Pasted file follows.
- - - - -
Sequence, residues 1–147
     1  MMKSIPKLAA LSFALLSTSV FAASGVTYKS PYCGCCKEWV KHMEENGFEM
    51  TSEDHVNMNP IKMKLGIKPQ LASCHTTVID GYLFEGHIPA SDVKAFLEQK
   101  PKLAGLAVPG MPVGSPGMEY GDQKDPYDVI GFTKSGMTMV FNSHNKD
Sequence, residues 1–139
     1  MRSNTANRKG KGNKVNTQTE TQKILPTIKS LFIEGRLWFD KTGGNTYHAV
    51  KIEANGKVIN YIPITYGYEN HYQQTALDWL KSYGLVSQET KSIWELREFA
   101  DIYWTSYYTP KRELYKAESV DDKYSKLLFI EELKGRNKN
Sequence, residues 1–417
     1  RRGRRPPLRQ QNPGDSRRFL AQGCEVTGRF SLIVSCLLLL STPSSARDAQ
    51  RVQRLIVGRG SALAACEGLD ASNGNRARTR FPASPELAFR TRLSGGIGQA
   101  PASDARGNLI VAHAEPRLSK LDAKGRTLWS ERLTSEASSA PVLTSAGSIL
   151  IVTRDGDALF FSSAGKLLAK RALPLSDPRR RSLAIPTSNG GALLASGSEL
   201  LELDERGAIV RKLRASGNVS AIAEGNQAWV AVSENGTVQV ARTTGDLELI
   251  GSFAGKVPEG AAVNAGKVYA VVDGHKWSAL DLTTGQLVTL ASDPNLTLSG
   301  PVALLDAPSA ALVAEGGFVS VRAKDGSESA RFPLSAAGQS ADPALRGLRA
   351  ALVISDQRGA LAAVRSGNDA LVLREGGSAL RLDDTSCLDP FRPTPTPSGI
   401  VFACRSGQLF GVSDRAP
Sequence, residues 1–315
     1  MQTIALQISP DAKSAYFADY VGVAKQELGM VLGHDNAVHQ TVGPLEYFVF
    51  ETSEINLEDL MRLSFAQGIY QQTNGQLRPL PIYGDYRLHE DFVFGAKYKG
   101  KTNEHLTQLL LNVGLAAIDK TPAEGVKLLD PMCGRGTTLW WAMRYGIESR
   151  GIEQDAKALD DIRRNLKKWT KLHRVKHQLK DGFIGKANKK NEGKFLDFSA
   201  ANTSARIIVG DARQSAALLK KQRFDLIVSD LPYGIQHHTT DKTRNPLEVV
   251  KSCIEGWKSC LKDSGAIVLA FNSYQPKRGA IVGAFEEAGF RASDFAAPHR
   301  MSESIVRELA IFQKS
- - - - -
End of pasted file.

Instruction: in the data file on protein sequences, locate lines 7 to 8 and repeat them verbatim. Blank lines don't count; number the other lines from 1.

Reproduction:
    51  KIEANGKVIN YIPITYGYEN HYQQTALDWL KSYGLVSQET KSIWELREFA
   101  DIYWTSYYTP KRELYKAESV DDKYSKLLFI EELKGRNKN